Metropolitan and Great Central Joint Railway

The Metropolitan and Great Central Joint Railway was a joint railway company that controlled a line extending from Harrow on the Hill in what is now north-western Greater London to Verney Junction in Buckinghamshire, England.[1] Owned by the Metropolitan Railway and the Great Central Railway, the railway was nationalised in 1948.

Metropolitan and Great Central Joint Railway
In the centre is a steam locomotive with a train of carriages. Around the sides, several points allow for easy access to the different routes.
The Manchester to Marylebone express at Neasden Junction
TerminiHarrow on the Hill, Buckinghamshire, England
Verney Junction, Buckinghamshire, England
Opened2 April 1906
Track gauge1,435 mm (4 ft 8+12 in) standard gauge


Overview of the line from Harrow-on-the-Hill and to Verney Junction, also showing the Great Western and Great Central Joint Line

On 2 April 1906, the same day that the Great Western and Great Central Joint Railway (GWGCJR) was opened, the Metropolitan and Great Central Joint Railway (MGCJR) was created.[2] This took over the lines of the Metropolitan Railway north and west of Harrow South Junction, with the exception of the branch to Uxbridge. These comprised the main line between Harrow-on-the-Hill and Verney Junction and the branches from Chalfont & Latimer to Chesham and from Quainton Road to Brill.[3] The MGCJR was created under the terms of the Metropolitan & Great Central Railway Act, which received Royal Assent on 4 August 1905.[4]

Management of the joint line was to be in alternate periods of five years by the two co-owners, the first five-year term being that of the Metropolitan.[4] After establishment of the MGCJR, new stations were opened at Sandy Lodge in 1910, and at North Harrow in 1915.[5] Aylesbury station was leased jointly to the MGCJR and the GWGCJR from 1907.[5]

The branch to Watford from Rickmansworth was authorised under an Act of Parliament obtained by the Metropolitan on 7 August 1912, but was a MGCJR project. Purchase of land began in 1914, but the First World War held up further progress, and the first contract for construction was not placed until December 1922.[4]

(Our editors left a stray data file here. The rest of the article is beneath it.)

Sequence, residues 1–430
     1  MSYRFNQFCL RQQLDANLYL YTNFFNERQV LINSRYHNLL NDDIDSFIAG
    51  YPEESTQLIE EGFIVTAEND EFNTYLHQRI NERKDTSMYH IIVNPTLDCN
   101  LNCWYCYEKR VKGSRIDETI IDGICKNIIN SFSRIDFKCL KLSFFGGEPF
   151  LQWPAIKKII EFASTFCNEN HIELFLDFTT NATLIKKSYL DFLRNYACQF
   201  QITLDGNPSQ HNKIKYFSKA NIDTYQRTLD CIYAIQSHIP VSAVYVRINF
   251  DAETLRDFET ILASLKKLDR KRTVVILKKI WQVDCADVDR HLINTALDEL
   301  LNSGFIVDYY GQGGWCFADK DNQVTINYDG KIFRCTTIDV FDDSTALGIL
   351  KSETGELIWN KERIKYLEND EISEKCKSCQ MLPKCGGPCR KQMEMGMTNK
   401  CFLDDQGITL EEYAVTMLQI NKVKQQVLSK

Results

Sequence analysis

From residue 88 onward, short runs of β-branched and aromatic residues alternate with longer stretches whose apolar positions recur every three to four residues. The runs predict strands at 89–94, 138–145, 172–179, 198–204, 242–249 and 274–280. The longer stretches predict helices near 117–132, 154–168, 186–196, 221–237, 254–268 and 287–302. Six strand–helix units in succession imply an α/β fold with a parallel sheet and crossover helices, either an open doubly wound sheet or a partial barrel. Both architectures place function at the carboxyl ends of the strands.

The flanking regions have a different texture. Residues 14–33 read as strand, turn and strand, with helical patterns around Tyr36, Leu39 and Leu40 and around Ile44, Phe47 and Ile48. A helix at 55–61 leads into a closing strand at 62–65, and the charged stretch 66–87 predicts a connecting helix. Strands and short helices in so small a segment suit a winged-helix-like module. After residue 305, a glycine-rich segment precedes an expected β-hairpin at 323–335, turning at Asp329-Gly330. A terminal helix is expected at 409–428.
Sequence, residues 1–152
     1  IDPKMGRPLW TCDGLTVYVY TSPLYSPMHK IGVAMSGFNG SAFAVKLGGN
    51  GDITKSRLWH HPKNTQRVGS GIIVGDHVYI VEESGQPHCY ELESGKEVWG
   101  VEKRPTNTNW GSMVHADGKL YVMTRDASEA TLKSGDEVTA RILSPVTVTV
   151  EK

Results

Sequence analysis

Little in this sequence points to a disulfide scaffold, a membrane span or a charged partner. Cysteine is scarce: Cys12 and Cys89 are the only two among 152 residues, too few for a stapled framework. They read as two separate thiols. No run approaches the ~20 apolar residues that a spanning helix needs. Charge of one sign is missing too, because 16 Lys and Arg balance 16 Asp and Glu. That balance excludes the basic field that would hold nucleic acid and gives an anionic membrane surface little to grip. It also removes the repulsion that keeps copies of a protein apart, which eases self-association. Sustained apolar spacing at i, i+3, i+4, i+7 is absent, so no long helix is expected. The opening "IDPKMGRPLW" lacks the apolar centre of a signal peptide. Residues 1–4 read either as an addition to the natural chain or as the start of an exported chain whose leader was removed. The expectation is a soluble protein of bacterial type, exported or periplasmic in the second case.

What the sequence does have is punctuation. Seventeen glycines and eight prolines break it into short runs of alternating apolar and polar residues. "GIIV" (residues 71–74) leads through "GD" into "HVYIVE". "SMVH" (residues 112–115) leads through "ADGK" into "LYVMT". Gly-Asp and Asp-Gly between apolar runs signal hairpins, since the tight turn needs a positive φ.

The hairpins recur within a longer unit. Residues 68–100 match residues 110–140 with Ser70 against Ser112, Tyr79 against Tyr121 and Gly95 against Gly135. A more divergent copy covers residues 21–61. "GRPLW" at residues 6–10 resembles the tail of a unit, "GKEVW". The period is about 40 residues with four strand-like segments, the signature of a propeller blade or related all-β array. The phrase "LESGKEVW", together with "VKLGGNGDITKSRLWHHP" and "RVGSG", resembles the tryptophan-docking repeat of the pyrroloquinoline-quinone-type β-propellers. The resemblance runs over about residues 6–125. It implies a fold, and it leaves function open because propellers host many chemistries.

At the start of 1923, the GCR was a constituent of the newly created London and North Eastern Railway; and on 1 July 1933, the Metropolitan was a constituent of the London Passenger Transport Board. Through both these changes of ownership, the MGCJR retained its title, and was listed in the Transport Act 1947, which nationalised the British railways, as one of the "bodies whose undertakings are transferred to the [British Transport] Commission".[6]

In 1993, British Rail (now Chiltern Railways) services calling at Moor Park ceased.


The route north of Aylesbury was closed to passenger trains in September 1966.[7] The railway line and stations are used today by Transport for London's Metropolitan line as far as Amersham, and Chiltern Railways provides a service from Marylebone as far as Aylesbury Vale Parkway station, opened on 15 December 2008, north of Aylesbury, about a four-minute journey.


  1. ^ Reed 1997, p. [page needed].
  2. ^ Dow 1965, pp. 99–100.
  3. ^ Dow 1965, p. 187.
  4. ^ a b c Dow 1965, p. 188.
  5. ^ a b Dow 1965, p. 193.
  6. ^ Transport Act 1947, p. 145.
  7. ^ Horne 2003, p. 85.


  • Dow, George (1965). Great Central, Volume Three: Fay Sets the Pace, 1900-1922. Shepperton: Ian Allan. ISBN 0-7110-0263-0.
  • Horne, Mike (2003). The Metropolitan Line. Capital Transport. ISBN 1-85414-275-5.
  • Reed, Albin J. (1997). The Met & GC Line An Observer's Notes, 1948-1968. Avon Books.
  • His Majesty's Government (6 August 1947). "Transport Act 1947 (10 & 11 Geo. 6 ch. 49)" (PDF). London: His Majesty's Stationery Office. Retrieved 5 August 2011.